Jonathan Onger (Andrew McCarthy, ST. ELMO’S FIRE) is a high school student at a top boarding school. His roommate and best friend Skip Burroughs (Rob Lowe, AUSTIN POWERS) is from an extremely wealthy family and struggles to live up to his father’s (Cliff Robertson, SPIDER-MAN) expectations. After an embarrassing mishap, Jonathan is band from going to the school dance. So he ventures out to a bar were he starts up a heated affair with the much older Ellen (Jacqueline Bisset, DANGEROUS BEAUTY), who thinks Jonathan is a grad student. What Jonathan is surprised to learn after visiting Skip’s home on Christmas break is that Ellen is Skip’s mother.


CATWOMAN (2004) (*)

The film is a poorly executed foray down the clichéd road of superhero revenge tales. Patience Phillips (Halle Berry, MONSTER’S BALL) is a klutzy graphic designer for a huge cosmetics firm. She will be fired by her tyrannical boss George Hedare (Lambert Wilson, THE MATRIX RELOADED) unless she redesigns her campaign within 48 hours.

On the way to deliver her new designs, she overhears George’s maniacal wife Laurel (Sharon Stone, BASIC INSTINCT) talking about the deadly effects of the new beauty product the company is about to launch. Subsequently, Patience is killed and then is brought back to life by some cats, giving her superhuman powers and making her the next in line of free-spirited catwomen.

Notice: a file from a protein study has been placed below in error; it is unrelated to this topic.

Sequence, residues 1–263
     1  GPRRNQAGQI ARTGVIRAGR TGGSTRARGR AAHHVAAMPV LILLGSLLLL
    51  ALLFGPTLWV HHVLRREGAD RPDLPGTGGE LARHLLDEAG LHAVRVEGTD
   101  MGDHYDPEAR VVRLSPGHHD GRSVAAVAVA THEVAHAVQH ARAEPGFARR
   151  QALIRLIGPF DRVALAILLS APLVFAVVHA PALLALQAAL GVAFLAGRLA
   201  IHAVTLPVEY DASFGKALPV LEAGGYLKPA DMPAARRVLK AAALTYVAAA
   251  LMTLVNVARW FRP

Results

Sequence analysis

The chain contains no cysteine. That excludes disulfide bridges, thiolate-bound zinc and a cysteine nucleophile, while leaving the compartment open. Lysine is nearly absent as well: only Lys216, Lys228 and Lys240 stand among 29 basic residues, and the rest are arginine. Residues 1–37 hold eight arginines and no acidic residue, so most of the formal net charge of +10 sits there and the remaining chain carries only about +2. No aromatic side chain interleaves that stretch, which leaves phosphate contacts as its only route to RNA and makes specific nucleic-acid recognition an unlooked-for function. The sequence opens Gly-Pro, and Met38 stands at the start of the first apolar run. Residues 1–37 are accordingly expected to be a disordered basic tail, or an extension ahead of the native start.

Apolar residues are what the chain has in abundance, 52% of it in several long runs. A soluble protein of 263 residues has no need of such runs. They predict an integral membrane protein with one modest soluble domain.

BABY FACE (1933) (***1/2)

This film recently appeared on TIME Magazine’s top 100 movies of all time list. It was an unusual choice because the film isn’t widely considered a classic. However, the simple tale works quite well and the provocative subject matter seems to jump off the screen with more daring just knowing the year in which it was made.

Lily Powers (Barbara Stanwyck, THE LADY EVE) is the daughter of a speakeasy owner, who pimps her out to his wealthy clients. After her father’s untimely death, Lily, along with her black friend Chico (Theresa Harris, OUT OF THE PAST), moves to the big city and sleeps her way to the top of a large bank. Her fling with the young executive Ned Stevens (Donald Cook, 1936’s SHOW BOAT) and then his boss J.P. Carter (Henry Kolker, HOLIDAY), who happens to be Stevens’ fiancee’s father, creates great scandal.


APRIL FOOL'S DAY (1986) (**1/2)

This film for most of its running time is a standard teen slasher movie. Muffy St. John (Deborah Foreman, WAXWORK) is a rich girl who invites her friends to stay with her for a weekend at her remote mountain estate. Friends include: hot and mopey medical student Rob (Ken Olandt, LEPRECHAUN), Rob’s girlfriend Kit (Amy Steel, FRIDAY THE 13TH PART 2), conservative Texan Harvey (Jay Baker, SHAG), slutty Nikki (Deborah Goodrich, JUST ONE OF THE GUYS), jokester Skip (Griffin O’Neal, GHOULIES III: GHOULIES GO TO COLLEGE), prudish bookworm Nan (Leah Pinsent, WAKING THE DEAD), perverted filmmaker Chaz (Clayton Rohner, TV’s INTO THE WEST miniseries) and hornball cornball Arch (Thomas F. Wilson, BACK TO THE FUTURE).


ALICE IN WONDERLAND (1951) (***1/2)

Based on the classic Lewis Carroll novel, Disney’s animated adventure is a cornucopia of craziness, saturated with silliness from the moment we enter Alice’s wonderland. For Carroll's story, the lucidity of animation seems perfect, and the Disney animators are up to the task in this underrated gem.